Radix Magazine's Phil Johnson interview

Allan Harvey (aharvey@boulder.nist.gov)
Mon, 08 Dec 1997 12:27:45 -0700

I know I said last week I didn't want to rehash old discussions about
Phil Johnson, but I do want to alert people to an interview with him in
the latest Radix Magazine (vol. 25, No. 2). Radix is a Christian
magazine of intellectual bent (motto: Where Christian Faith Meets
Contemporary Culture). It is published in Berkeley, and even has an ASA
connection as Walter Hearn is a contributing editor and his wife Ginny is
copy editor.

As is typical for Radix, the interview was on a moderately high
intellectual level. There was discussion of underlying materialist
assumptions in society, much of which I found myself agreeing with.
Johnson shares a little of his personal journey, which reminds me that,
wrong though I may think him on some issues, he is a brother. I was also
temporarily encouraged to see the following statement: "A creationist is
a believer in creation, that there's a Creator. The timing and details
are secondary." However, in the rest of the interview, it seems that
Johnson does not allow that a genuine "believer in creation" might, at
the "detail" level, allow for Darwinian evolution to describe the
Creator's actions.

Throughout, the underlying issue that separates Johnson from many of the
rest of us is his equation of evolutionary science with naturalist
metaphysics. He points out clearly and correctly that the two often go
hand in hand, but then, rather than reject that unfounded (and
atheism-friendly) linkage, he accepts it and proceeds from there.

I wondered if there would be some mention of the Christians in science
who disagree with Johnson's approach, not really expecting to find any.
However, there was a passing mention in the final paragraph (in response
to a question about how he liked "the battle") that I quote in full:

"And I have very few relationships of any lasting animosity. Most of
them, such as they are, are from accomodationists in the Christian camp.
With the atheists -- most of the people I argue with -- there are very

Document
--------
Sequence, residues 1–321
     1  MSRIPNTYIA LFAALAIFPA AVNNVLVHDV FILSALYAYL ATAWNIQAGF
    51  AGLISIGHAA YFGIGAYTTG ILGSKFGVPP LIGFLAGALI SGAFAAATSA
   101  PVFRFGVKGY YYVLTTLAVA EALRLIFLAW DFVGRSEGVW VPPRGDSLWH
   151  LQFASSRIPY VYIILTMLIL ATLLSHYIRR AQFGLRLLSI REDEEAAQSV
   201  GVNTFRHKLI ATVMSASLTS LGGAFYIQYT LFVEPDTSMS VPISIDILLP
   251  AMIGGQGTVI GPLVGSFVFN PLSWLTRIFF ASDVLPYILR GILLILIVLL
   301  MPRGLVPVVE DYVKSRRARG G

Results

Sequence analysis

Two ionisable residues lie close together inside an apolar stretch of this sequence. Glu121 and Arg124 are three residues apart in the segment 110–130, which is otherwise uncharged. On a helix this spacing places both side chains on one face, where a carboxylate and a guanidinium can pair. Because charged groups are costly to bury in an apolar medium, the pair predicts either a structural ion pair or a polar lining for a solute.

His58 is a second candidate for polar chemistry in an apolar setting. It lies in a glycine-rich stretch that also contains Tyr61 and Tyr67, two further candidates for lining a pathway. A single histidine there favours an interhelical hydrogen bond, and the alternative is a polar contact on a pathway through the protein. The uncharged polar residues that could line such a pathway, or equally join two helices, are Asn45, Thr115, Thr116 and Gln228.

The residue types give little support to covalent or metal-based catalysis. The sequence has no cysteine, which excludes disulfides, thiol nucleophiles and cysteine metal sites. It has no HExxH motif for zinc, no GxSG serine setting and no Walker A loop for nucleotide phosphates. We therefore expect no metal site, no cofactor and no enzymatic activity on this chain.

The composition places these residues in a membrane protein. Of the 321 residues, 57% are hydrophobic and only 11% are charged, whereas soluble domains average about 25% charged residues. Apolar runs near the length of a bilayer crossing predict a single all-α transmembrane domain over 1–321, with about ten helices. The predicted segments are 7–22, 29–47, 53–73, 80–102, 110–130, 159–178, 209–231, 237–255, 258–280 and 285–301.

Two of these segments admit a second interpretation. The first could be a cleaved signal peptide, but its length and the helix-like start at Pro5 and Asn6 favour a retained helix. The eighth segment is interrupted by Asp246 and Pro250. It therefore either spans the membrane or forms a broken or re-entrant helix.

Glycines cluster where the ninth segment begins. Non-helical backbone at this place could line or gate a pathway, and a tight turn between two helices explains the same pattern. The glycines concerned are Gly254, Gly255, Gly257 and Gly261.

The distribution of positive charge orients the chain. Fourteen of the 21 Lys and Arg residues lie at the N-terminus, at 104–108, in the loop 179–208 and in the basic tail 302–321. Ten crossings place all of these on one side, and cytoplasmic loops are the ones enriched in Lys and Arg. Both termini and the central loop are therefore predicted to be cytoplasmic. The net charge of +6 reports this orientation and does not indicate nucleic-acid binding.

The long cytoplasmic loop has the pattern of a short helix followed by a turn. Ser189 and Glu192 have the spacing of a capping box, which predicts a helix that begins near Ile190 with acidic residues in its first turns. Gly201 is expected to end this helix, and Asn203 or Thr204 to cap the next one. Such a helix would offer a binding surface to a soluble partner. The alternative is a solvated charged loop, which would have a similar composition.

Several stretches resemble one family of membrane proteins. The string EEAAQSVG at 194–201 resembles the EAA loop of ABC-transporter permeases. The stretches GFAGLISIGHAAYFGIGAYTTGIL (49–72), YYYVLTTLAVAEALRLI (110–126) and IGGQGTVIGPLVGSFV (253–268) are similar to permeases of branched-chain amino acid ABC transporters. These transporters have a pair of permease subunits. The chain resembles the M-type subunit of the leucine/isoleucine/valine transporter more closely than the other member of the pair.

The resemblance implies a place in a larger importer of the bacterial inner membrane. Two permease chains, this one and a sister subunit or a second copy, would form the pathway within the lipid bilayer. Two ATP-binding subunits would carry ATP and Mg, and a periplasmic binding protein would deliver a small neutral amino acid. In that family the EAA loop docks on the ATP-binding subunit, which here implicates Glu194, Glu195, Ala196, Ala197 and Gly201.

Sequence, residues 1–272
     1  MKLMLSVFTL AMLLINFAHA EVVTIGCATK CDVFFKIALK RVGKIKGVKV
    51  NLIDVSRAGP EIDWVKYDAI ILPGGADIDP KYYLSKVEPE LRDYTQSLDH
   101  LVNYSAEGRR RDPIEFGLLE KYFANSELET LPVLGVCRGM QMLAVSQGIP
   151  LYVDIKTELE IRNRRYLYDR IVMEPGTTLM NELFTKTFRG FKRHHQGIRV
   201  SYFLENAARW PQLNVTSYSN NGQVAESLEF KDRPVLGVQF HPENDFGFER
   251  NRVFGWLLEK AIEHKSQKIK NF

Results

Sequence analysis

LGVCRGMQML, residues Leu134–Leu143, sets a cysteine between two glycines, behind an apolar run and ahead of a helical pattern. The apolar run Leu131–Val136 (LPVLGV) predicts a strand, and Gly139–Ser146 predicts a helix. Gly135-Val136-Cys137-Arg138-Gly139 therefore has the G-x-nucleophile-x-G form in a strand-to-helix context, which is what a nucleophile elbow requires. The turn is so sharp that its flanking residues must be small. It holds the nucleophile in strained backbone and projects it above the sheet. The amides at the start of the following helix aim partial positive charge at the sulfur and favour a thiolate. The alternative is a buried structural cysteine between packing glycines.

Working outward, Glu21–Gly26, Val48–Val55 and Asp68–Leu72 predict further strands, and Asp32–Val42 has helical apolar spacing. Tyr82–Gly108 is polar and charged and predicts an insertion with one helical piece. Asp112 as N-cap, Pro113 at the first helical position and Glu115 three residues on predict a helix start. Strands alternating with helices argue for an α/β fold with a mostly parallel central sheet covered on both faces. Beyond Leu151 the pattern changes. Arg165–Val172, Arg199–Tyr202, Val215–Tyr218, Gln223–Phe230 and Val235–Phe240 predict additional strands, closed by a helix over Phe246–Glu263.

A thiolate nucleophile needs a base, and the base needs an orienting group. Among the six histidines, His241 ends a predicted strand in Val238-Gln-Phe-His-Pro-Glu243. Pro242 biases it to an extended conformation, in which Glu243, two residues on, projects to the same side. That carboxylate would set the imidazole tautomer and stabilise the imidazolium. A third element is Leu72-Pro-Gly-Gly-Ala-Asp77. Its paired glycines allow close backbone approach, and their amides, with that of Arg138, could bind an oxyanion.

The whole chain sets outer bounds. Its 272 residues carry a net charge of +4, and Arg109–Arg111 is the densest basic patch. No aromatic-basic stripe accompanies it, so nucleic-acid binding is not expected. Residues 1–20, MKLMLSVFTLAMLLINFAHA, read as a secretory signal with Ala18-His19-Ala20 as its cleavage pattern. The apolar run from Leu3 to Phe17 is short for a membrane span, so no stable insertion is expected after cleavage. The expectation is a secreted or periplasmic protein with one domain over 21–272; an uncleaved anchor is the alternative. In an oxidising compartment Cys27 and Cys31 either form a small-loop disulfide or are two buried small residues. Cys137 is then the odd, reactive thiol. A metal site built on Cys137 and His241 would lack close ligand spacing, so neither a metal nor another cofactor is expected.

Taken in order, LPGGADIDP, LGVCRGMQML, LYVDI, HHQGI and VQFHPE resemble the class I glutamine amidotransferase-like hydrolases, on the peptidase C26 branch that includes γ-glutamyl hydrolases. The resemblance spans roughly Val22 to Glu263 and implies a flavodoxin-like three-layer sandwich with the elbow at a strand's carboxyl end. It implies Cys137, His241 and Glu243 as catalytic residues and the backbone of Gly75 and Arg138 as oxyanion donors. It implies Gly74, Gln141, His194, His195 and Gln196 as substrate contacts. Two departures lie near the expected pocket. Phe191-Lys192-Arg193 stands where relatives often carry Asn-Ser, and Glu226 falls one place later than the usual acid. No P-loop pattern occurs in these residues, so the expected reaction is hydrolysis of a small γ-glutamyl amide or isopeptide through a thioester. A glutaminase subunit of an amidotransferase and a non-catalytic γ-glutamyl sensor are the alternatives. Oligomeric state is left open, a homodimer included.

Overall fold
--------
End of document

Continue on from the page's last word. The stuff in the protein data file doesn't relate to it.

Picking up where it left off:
sharp exchanges, sometimes even angry ones, but no lasting bitterness.
Often my relationship with them turns into friendship."

This merits several observations:

(1) If there are Christians who are really behaving with lasting personal
bitterness toward Johnson, so much so that he feels better treated by the
atheists, those Christians probably need to try harder at loving this
particular brother.

(2) It is telling and sad that he labels the Christians who have concerns
about what he is saying as "accomodationists". I wish he would recognize
that for most of us the motive is not accomodation, but rather concern
for good theology and the health of the Body of Christ. He might
encounter less animosity if he chose a less judgmental label for his
Christian critics.

(3) Perhaps there is another reason why he encounters deeper hostility
from the Christians than from the atheists who oppose him.
"God-of-the-Gaps" theology is in the long-term interest of atheism, so
some atheists may see that it serves their cause for the church to follow
Johnson's ways of thinking. Or, at the very least, they would not
particularly care what the church thinks. Many Christians in science, on
the other hand, care deeply about the church and fear that Johnson is
leading it (in the words of another ASA list member) off an intellectual
cliff. So I wonder if what he is seeing is just a difference in the
intensity of the criticism, reflecting a deeper level of concern by the

| Dr. Allan H. Harvey | aharvey@boulder.nist.gov |
| Physical and Chemical Properties Division | "Don't blame the |
| National Institute of Standards & Technology | government for what I |
| 325 Broadway, Boulder, CO 80303 | say, or vice versa." |